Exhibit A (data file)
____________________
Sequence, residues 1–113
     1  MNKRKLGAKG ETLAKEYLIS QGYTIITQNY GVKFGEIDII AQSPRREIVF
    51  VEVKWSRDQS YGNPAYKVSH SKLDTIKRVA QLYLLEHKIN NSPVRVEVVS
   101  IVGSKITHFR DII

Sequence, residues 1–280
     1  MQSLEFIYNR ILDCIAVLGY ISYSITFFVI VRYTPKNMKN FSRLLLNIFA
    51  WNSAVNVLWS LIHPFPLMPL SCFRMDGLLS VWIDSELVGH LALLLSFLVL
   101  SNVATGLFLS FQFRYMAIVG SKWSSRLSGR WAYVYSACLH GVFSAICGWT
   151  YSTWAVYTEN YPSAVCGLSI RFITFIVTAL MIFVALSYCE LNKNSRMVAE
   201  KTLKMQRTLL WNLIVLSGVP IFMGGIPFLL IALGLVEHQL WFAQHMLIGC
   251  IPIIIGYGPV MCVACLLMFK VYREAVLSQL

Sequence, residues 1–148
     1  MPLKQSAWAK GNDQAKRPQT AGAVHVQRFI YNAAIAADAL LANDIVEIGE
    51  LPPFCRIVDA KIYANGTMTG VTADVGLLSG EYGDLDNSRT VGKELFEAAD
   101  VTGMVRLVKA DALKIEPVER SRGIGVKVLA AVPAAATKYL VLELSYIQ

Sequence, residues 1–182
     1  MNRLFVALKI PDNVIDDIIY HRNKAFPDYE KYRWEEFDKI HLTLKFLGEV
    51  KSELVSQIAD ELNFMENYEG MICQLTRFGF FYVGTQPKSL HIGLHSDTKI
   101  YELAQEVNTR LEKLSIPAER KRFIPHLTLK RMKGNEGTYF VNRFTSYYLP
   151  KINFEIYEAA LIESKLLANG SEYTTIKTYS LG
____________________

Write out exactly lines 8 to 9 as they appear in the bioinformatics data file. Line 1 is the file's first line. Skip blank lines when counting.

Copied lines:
   101  SNVATGLFLS FQFRYMAIVG SKWSSRLSGR WAYVYSACLH GVFSAICGWT
   151  YSTWAVYTEN YPSAVCGLSI RFITFIVTAL MIFVALSYCE LNKNSRMVAE